For example, the embodiment illustrated in FIG. 3 uses the lace structure of FIG. 1 in combination with a separate housing similar to that of FIG. 1, but without the openings for accommodating the lace, the lower housing 6' instead including an opening 24 for permitting passage of wires so that the housing can be mounted elsewhere on the footwear as in the embodiment of FIG. 3, for example inside layers of or on the tongue of the footwear, or elsewhere on the upper surface of the shoe, and can be either exposed or hidden. Similarly, the embodiment of FIG. 4 can use either a one-piece or two-piece strip 1/1',1", a housing in which a lower housing portion 25 includes an opening 26 for accommodating the lace, and a circuit board 8" having arranged thereon button cell batteries 23', circuit components 20', and a push button on/off switch 27, while the upper portion 29 includes posts 30 for providing a snap-fit connection with corresponding openings 31 and 32 in the circuit board 8" and lower housing portion 25, thereby permitting easy battery replacement. Numerous other versions of the illustrated power supply housing can undoubtedly be imagined by those skilled in the art and the present invention is intended to cover all such variations, including variations in the shape and decoration of the housing (for example printing of a trademark or logo 33), and in the location of the housing on the footwear and the means for attaching the housing to the footwear.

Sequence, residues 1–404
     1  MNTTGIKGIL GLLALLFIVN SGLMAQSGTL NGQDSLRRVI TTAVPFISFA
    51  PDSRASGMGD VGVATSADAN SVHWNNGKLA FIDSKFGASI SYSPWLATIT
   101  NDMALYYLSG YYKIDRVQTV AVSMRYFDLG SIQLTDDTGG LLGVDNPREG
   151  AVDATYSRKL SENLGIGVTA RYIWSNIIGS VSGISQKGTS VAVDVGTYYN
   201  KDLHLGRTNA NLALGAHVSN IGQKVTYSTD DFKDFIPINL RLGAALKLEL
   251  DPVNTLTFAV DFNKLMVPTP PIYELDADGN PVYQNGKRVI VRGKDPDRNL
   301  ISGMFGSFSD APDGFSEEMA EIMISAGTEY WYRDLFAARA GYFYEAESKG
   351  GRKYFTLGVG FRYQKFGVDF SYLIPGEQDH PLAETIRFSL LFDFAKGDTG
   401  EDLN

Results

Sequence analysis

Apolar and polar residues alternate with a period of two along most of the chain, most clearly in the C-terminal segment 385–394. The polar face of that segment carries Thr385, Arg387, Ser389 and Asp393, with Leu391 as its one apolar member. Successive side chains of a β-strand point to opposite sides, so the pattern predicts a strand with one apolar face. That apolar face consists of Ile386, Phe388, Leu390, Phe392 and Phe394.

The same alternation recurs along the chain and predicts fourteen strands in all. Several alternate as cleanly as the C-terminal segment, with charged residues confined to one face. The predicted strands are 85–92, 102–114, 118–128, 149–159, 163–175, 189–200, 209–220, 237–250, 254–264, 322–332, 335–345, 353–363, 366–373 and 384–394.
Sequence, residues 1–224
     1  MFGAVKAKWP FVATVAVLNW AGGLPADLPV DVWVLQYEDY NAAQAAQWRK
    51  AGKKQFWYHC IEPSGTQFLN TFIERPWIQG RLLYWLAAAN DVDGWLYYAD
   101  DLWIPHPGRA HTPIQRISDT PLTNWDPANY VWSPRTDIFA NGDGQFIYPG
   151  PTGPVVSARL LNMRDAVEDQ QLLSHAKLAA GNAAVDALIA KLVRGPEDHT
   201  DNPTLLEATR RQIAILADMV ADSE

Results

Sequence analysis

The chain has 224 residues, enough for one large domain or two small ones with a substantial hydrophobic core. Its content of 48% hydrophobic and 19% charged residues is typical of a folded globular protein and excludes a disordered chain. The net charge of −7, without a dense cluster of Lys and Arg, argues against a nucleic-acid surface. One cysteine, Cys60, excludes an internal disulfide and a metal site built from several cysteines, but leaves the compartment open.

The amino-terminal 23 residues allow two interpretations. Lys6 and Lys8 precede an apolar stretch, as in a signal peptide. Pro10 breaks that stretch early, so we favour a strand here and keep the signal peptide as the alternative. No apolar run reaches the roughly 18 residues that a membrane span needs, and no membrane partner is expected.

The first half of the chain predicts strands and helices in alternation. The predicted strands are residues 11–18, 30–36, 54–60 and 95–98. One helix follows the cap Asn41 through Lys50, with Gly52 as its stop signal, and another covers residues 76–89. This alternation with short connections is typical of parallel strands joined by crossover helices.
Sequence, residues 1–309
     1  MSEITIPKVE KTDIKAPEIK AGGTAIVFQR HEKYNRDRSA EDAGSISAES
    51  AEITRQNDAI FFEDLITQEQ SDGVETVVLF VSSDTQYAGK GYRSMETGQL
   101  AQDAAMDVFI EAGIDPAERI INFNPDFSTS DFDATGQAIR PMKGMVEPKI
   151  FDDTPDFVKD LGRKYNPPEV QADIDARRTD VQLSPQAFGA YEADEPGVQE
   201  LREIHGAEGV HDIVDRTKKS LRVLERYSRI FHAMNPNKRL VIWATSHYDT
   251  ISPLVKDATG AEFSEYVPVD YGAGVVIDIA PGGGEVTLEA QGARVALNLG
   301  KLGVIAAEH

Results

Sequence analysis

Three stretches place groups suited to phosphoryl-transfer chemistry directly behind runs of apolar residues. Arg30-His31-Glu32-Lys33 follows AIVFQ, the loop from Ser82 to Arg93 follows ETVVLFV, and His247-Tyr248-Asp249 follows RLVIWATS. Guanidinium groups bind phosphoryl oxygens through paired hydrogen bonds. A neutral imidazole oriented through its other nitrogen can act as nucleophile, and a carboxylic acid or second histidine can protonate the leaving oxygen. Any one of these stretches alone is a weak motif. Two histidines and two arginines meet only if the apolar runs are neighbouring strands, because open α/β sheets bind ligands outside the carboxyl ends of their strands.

In each of the illustrated embodiments of the invention, the distribution of LEDs along the length of flexible transparent strip 1 permits the entire lace to be brightly illuminated without using complicated wiring devices or specifically treated modules, and with low power consumption. However, it will also be appreciated by those skilled in the art that the LEDs need not be equally distributed along the strip, and that the LEDs can instead be located anywhere on the strip. In addition, the strip can be made of one or more sections, the LEDs can be arranged in more than one layer or on more than one side of the strip, and the construction of the transparent material layer 3 can be varied without departing from the scope of the invention, including variation in dimensions.